Pit bull ruling could be back into effect Thursday

Court of Appeals: pit bulls inherently dangerous

The ruling from Maryland's highest court that pit bulls can be considered "inherently dangerous" could go back into effect today.

Shortly after the Court of Appeals of Maryland made that ruling earlier this year, it put a stay on it.

Thursday the judges are expected to announce whether that stay will remain in effect.

Earlier this week state legislators left that ruling in place.  At a special legislative session, the State Senate and House of Delegates had been working on legislation that would have overturned it.  But the two chambers were unable to agree on a bill.

At the BARCS shelter in Baltimore, when new dogs come in, others have to go out, either by adoption -- or euthanasia.

The city's euthanization rate used to be as high as 98% but since the BARCS group took control of the shelter in 2005, it has dropped below 40%.

The shelter's executive director, Jen Brause, says she's worried that number is about to go back up again.  "It could be extremely devastating on pit bulls, pit bull mixes - whatever that may be - on those owners," she said.

The Court of Appeals also ruled that owners and their landlords can be liable for pit bull bites.  Brause says that means owners will be forced to give up their pets.  "What choice do you have?  You either have to get out of your home, move out of the state of Maryland or get rid of your dog," she said.

And she says shelters will be less able to adopt out the pit bulls that come in.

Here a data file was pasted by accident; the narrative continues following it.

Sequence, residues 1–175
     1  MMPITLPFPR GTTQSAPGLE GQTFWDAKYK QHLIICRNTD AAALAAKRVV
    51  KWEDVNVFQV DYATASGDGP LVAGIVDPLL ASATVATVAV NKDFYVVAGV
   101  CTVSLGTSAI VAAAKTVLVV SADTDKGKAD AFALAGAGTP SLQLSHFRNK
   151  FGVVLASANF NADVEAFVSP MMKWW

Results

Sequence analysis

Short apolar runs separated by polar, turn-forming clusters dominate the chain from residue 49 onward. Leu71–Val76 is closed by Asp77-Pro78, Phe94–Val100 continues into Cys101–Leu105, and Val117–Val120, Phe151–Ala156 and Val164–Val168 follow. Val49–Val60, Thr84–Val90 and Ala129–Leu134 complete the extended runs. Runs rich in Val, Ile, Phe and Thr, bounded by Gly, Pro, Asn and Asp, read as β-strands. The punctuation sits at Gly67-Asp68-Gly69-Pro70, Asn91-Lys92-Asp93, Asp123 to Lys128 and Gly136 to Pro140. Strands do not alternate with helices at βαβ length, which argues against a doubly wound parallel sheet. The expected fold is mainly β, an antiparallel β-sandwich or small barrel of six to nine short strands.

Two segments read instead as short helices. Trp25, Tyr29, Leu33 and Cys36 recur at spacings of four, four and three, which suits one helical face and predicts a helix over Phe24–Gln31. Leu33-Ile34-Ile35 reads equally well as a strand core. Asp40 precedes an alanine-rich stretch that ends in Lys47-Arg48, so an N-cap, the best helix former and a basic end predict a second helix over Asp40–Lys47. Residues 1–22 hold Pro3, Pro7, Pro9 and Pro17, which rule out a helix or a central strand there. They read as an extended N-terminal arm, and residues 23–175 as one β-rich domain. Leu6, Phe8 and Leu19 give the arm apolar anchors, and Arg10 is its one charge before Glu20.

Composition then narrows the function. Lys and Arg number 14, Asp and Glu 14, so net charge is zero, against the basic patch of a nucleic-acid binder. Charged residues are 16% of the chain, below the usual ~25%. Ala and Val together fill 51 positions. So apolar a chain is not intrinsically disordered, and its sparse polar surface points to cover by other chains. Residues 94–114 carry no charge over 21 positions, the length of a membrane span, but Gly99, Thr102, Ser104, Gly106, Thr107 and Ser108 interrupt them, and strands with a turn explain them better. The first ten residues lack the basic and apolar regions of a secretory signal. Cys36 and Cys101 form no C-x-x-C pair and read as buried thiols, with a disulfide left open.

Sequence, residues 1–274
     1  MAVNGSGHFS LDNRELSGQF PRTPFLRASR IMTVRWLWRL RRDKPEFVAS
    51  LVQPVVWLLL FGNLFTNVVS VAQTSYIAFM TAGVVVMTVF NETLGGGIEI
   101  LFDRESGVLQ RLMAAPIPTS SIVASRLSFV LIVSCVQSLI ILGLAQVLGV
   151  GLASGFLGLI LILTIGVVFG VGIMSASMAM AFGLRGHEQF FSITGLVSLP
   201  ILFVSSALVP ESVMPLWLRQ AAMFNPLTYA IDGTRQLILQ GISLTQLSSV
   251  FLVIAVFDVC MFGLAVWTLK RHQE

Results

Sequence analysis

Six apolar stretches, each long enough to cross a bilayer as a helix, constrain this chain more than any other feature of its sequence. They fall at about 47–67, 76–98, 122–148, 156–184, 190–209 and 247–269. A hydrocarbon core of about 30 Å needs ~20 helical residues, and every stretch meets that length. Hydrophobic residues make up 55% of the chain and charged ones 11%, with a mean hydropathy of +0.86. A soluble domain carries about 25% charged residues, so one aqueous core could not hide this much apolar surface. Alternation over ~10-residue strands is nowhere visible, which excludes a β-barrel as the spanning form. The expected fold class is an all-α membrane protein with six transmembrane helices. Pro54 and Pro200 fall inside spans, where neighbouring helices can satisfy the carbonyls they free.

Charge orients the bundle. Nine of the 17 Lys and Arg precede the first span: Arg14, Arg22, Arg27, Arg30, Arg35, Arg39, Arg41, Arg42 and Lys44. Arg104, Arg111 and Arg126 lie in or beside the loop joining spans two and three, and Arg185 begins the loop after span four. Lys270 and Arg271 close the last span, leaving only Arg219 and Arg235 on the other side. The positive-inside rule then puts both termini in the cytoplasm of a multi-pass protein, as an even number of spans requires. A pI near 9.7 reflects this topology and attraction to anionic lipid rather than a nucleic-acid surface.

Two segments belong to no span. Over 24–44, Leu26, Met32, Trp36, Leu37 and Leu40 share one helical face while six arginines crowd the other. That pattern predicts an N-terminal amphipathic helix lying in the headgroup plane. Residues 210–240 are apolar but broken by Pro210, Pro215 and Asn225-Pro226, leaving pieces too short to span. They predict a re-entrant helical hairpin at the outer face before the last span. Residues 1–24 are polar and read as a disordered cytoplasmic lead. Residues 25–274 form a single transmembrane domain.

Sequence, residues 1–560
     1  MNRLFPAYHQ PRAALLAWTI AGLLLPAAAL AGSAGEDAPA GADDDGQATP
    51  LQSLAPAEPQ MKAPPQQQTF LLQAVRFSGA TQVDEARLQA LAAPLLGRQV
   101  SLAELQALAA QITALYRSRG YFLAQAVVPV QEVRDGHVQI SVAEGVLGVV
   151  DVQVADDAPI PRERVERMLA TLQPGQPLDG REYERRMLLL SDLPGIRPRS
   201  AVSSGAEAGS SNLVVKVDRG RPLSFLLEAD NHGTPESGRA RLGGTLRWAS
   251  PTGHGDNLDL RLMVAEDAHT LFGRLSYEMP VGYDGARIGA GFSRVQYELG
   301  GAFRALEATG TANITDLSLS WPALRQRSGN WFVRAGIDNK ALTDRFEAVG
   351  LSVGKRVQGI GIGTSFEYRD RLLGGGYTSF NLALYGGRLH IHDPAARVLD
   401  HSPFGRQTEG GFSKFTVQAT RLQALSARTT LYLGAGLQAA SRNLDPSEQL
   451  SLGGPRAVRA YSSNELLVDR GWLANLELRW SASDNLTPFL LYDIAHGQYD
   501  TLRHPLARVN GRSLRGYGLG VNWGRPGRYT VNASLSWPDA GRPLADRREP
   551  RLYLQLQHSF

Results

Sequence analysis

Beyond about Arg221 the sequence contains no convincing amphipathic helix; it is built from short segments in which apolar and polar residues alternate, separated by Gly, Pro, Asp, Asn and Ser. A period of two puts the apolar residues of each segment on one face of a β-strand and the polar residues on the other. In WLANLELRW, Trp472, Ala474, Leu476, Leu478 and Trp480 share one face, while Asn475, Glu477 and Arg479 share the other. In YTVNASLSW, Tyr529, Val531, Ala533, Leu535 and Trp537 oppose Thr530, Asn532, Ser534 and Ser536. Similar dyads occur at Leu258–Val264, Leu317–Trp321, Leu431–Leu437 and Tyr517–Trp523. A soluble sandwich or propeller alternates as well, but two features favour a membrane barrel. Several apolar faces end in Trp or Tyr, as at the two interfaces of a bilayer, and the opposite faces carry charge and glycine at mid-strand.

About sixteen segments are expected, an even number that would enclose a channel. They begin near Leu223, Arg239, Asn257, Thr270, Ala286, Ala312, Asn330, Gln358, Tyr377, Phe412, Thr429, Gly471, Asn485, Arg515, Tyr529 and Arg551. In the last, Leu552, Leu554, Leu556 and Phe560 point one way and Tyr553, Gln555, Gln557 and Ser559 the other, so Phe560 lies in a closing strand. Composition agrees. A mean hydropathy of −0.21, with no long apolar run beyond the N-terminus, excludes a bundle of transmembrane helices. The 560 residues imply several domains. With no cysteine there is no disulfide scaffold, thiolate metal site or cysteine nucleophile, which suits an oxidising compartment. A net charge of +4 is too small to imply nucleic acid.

So be it -- says Tony Solesky.  His son Dominic was attacked by a pit bull five years ago.  It's his case that made its way to the Court of Appeals.

"This is really pit bull owners in particular being held to a standard in which the people who are injured like my son was, will now be able to get financial restitution," he said.

Dominic's his injuries were life-threatening; Tony Solesky says the five-year court case proved to him that pit bulls are dangerous -- and the Court of Appeals was right.  "This is about public safety," he said.

He says he hopes the impact of the ruling -- and the legislature's refusal to overturn it -- will lead to fewer pit bull adoptions to irresponsible owners.

"Because the answer is certainly not stowing these dogs away at risk to the public because they have to make the tragic choice between euthanizing a dog, which is horrible, or placing it and then having it possibly being with a bad owner and killing a child," Solesky said.

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